Tips to Get Your Pet’s Groom On

Getting your dog groomed can be a uneasy process for you and your pet. Megan Craig, a certified groomer at Affectionate Pet Care, offers her best tips for great grooming experience.

 

Photo courtesy of Mallinka1/shutterstock.com

By Janeé Williams

Getting your dog groomed can be a uneasy process for you and your pet. Your dog can become uncomfortable when a stranger tries to come near it’s body or face with a razor, stopping the grooming process all together. It is important as a pet owner that you know what you can do to make sure your dog has the best grooming experience possible. Megan Craig, a certified groomer at Affectionate Pet Care, offers her best tips for great grooming experience.

NVM: How can you prepare your dog for the grooming process?

Photo courtesy of affectionatepetcare.com

MC: “One way to prepare your dog for grooming is to familiarize them with some of the sensations they might experience during grooming. Something as simple as regularly touching your dog’s feet, face, and ears can go a long way. Another way is to exercise your dog by taking it for a walk or run, or by visiting a dog park or doggy daycare. This will help the dog be more relaxed and calm for grooming, making it a much more enjoyable process for the dog.”

NVM: What will my dogs first grooming experience be like?

MC: “Your dog’s first groom will probably just include a bath, nail trim, and a small amount of hair trimming, as well as some time getting used to the dryer. Depending on the comfort level of your dog, there may be no trimming involved, and the groomer may instead choose to hold the hair clippers next to the dog while the clippers are on, helping the dog get use to the sound of vibrations. The groomer may also try to do a small amount of trimming around the eyes and face of the dog in order to get the dog accustomed to having scissors around the face.”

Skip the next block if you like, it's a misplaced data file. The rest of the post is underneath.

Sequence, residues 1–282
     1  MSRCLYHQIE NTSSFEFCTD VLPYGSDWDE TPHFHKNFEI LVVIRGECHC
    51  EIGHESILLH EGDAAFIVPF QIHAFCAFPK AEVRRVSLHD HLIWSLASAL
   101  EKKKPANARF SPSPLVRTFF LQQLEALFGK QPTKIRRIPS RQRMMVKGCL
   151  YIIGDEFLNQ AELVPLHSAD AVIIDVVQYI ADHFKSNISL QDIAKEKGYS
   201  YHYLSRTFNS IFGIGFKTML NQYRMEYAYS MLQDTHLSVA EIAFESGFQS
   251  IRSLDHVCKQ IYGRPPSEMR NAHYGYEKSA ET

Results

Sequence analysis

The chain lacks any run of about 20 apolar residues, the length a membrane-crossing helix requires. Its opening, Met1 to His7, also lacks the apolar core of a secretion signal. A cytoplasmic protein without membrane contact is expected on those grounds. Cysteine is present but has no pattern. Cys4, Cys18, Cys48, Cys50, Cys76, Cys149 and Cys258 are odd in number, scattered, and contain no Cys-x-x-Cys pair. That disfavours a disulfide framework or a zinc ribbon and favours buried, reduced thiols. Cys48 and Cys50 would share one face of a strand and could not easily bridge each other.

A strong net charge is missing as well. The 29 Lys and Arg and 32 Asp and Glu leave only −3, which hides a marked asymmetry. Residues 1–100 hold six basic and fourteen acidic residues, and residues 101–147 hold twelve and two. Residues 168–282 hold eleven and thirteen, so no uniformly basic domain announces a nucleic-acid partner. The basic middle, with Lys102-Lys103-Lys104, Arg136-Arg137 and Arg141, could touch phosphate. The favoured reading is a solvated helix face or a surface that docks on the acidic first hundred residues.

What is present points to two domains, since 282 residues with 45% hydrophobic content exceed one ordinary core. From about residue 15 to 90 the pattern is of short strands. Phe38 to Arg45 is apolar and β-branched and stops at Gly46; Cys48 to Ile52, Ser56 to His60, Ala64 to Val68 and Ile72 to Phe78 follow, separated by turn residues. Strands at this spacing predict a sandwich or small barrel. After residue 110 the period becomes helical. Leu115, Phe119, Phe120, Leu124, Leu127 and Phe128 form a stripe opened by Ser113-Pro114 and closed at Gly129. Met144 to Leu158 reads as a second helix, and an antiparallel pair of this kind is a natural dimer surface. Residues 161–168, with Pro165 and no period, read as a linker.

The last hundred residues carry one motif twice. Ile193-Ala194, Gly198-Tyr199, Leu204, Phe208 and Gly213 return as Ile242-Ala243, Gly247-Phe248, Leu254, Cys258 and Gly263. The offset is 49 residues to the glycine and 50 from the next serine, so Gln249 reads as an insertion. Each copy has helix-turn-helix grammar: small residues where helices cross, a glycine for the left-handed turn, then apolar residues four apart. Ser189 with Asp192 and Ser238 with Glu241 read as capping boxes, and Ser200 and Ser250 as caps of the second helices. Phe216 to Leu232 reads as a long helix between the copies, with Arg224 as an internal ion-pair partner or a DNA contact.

NVM: What’s another way to help produce a stress-free environment for your dog?

MC: “Reduce the amount of matting that your dog has. To prevent matting, it is important that you brush both the top layer of your dog’s coat, as well as the hair closer to the skin. Keep in mind that certain dogs’ coats tend to develop mats more quickly than other dogs. Dogs such as Huskies and Shepherds, or any breed of dog that has a double coat, can have a lot of undercoat to brush out. To be sure that there is no matting developing, you can also run a comb through the dog’s hair. If you are unsure of which brushes and combs you should use, your groomer can give you suggestions on which would be best suited for your dog’s particular coat.”

NVM: How often should you get your dog groomed?

MC: “Most groomers suggest you have your dog groomed every 6-12 weeks, depending on your dog’s type of coat and your desired coat length. “

With these suggestions, you can ensure your dog will have the best grooming experience possible. Visit your local groomer and find out what is the best grooming experience for your dog.

Affectionate Pet Care
3851 Pickett Road
Fairfax, 22031 (703) 250-5233

 
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